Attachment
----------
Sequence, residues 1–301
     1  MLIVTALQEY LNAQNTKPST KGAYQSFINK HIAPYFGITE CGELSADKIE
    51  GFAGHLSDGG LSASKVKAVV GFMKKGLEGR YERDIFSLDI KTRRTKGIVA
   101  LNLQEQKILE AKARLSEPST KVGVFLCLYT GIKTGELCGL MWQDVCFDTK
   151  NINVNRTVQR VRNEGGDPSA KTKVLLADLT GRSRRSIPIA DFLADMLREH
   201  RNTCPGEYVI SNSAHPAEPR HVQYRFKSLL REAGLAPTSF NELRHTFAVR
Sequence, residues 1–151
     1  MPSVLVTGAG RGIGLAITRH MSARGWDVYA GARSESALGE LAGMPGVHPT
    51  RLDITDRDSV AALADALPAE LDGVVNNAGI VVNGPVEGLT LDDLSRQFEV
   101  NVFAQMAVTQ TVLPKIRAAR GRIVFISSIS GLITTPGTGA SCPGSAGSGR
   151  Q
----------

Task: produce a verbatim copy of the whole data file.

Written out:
Sequence, residues 1–301
     1  MLIVTALQEY LNAQNTKPST KGAYQSFINK HIAPYFGITE CGELSADKIE
    51  GFAGHLSDGG LSASKVKAVV GFMKKGLEGR YERDIFSLDI KTRRTKGIVA
   101  LNLQEQKILE AKARLSEPST KVGVFLCLYT GIKTGELCGL MWQDVCFDTK
   151  NINVNRTVQR VRNEGGDPSA KTKVLLADLT GRSRRSIPIA DFLADMLREH
   201  RNTCPGEYVI SNSAHPAEPR HVQYRFKSLL REAGLAPTSF NELRHTFAVR
Sequence, residues 1–151
     1  MPSVLVTGAG RGIGLAITRH MSARGWDVYA GARSESALGE LAGMPGVHPT
    51  RLDITDRDSV AALADALPAE LDGVVNNAGI VVNGPVEGLT LDDLSRQFEV
   101  NVFAQMAVTQ TVLPKIRAAR GRIVFISSIS GLITTPGTGA SCPGSAGSGR
   151  Q